http://sanfordbiggers.com/bio buy now If you haven’t heard the name Matamba yet, you soon will. Matamba is a Bolivian roots reggae and hard rock artist (he performs and creates music in both genres), who in the last few years has become a household name in Bolivia and will be the first Bolivian artist to “break” onto the international scene. Matamba has performed throughout South America, Central America, parts of Europe and will soon participate in the 9 Mile Music Festival in Miami, Florida, in March with big-name artists such as Julian Marley, DMX, Capleton, Sizzla, Rihanna, and others.
read more But let’s not get ahead of ourselves, before we get into what Matamba does, we need to get into who he is. Matamba is an https://sheisfiercehq.com/shop/ cheap viagra 100mg Afro-Bolivian, born in Buenos Aires, Argentina to an Argentine father and here Afro-Peruvian mother, whose family later relocated to Santa Cruz, the second city and commercial center of Bolivia, where he grew up in the “hood” which shaped the man he is today. Matamba is not only a singer, but a musician, producer, lyricist, writer, and composer whose musical origins, like most artists in the African diaspora, started in the church where he met other people with a love and passion for music.
Matamba joined together with his church friends to form the hard rock band K-Rux. At the time of the band’s inception, there was no scene for hardcore music in Santa Cruz, so K-Rux performed on the streets and created a movement which included musicians, skateboarders, and graffiti artists. Matamba named the movement “La Raza” (Race) which has since morphed into a broader cultural movement in Bolivia. With K-Rux, Matamba began making a name for himself, gaining notoriety and popularity as this Afro-Bolivian kid playing hardcore metal, filling theaters around the country on word-of-mouth and “buzz” factor alone. The music and the message just moved the people and they were drawn to K-Rux.
Matamba stayed with K-Rux for 5 years before creating/joining a new group “Contracultura” (Counter Culture) which expressed unity and coming together of all groups of people. Now he is working on his own projects and about to release his third album. Matamba is so much more than his music though, and that is his true calling. He recently completed a campaign with PapelBol (a Bolivian organization committed to raising awareness and educating the youth about recycling and climate change), on the importance of recycling and protecting the earth through youth engagement and empowerment, entitled “Cual es tu papel en la vida?” (What is your role in life?)
Matamba doesn’t have fans, he has sisters and brothers, collectively they are a movement and part of his culture.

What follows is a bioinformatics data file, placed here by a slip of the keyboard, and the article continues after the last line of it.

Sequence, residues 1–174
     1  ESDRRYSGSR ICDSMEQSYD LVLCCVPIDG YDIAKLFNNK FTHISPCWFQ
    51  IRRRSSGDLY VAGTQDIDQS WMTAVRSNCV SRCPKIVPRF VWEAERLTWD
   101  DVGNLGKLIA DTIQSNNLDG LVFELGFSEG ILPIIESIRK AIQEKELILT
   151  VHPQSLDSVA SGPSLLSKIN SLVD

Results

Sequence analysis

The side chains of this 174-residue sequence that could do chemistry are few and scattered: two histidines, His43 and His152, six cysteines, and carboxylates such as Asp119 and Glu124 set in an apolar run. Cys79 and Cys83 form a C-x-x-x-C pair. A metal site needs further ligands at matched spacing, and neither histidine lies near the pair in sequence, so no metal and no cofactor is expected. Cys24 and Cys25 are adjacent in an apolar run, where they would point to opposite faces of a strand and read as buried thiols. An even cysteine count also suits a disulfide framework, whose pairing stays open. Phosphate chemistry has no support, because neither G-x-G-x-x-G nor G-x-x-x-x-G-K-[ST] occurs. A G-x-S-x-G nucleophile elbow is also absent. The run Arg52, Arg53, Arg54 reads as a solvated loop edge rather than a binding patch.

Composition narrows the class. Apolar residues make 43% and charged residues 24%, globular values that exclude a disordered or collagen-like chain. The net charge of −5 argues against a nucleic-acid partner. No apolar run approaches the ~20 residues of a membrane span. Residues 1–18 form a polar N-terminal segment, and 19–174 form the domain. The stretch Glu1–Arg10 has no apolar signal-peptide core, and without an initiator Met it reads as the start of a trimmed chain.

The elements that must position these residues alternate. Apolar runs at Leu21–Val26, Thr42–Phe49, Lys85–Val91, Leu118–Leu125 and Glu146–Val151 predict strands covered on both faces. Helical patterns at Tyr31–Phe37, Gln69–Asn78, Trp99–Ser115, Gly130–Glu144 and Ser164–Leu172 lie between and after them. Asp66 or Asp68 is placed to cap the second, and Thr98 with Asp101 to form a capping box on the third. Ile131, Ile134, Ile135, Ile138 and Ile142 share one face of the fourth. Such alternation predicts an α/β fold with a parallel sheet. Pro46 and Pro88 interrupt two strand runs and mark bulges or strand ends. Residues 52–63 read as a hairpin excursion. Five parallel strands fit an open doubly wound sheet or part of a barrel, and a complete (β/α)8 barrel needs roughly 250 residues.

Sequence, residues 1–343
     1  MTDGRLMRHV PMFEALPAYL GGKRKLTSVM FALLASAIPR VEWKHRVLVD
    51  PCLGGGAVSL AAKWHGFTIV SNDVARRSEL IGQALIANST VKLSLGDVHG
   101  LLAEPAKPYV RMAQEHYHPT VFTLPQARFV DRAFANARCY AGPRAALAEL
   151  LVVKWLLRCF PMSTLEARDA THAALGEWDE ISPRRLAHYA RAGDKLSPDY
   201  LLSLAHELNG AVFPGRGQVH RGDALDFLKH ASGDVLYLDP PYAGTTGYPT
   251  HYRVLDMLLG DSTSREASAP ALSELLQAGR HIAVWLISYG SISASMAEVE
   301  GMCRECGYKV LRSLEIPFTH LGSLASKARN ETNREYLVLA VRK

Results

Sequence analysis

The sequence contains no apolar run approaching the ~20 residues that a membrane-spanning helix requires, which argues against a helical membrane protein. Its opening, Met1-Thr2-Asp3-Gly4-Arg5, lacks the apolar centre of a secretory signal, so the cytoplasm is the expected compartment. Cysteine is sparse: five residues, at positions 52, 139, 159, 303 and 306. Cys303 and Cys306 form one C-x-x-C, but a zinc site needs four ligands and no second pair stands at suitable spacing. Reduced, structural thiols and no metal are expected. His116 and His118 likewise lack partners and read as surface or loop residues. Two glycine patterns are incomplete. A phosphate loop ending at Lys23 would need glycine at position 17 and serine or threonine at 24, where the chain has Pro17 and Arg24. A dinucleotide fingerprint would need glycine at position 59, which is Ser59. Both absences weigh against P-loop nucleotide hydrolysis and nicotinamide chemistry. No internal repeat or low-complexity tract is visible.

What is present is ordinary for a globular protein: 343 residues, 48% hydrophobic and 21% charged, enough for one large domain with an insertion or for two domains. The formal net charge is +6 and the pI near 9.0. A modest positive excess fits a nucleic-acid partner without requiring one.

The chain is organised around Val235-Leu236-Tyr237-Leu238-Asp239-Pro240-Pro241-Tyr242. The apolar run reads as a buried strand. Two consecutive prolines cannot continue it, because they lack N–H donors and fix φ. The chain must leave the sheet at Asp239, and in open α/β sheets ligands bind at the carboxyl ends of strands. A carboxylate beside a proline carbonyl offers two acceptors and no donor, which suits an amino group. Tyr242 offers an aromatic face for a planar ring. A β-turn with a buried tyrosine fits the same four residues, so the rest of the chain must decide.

Prior to the recycling campaign, Matamba worked on an anti-bullying campaign to reduce the prevalence of bullying and to help youth explore other ways of interacting with one another and expressing themselves. Matamba recorded the song “Mas Fuerte Que Dolor” (Stronger than Pain), which he uses when he speaks to youth and school groups about his own experiences with bullying. Through his experiences and music, he easily connects with the kids in a meaningful way. At one point Matamba took his power back and became the bully but then realized he was no better than the boys who were bullying him and immediately stopped. As a black man in a predominantly Latino world, an anomaly in the community in which he lived and the endeavors he pursued, Matamba was often told what he could and could not do and what he could and could not be, which sparked the flame of rebellion in him and that we see reflected in his lyrics.
read more Matamba is proud of who he is and of his African heritage, roots, and culture. He works with and is often sought out by the leaders of the Afro-Bolivian community to speak, perform, and build with the youth. He is in search of ways to better promote and preserve Afro-Bolivian cultural contributions to Bolivian society and attempting to empower the broader Afro-Bolivian community to step out from the shadows and back into their proper place as equal members of society.
Matamba doesn’t have fans, he has sisters and brothers, collectively they are a movement and part of his culture. He is gracious and generous with the many people, parents and children alike, who approached us frequently over the course of our interview in a local coffee shop. Ever open with a ready smile and welcoming words, he never says no to those who seek out a picture or an autograph. He is a man of the people and he works for the people and is ready to take his work and his message to the next level through his music and his public outreach.
Matamba is an artist with a message; he is more than a man, he is a movement; he is the embodiment of the dreams he and his community have for all Afro-Bolivian youth, and he recognizes the responsibility his success places on him.
To learn more about Matamba and his music check out his social media links below:
Official Site: matamba.net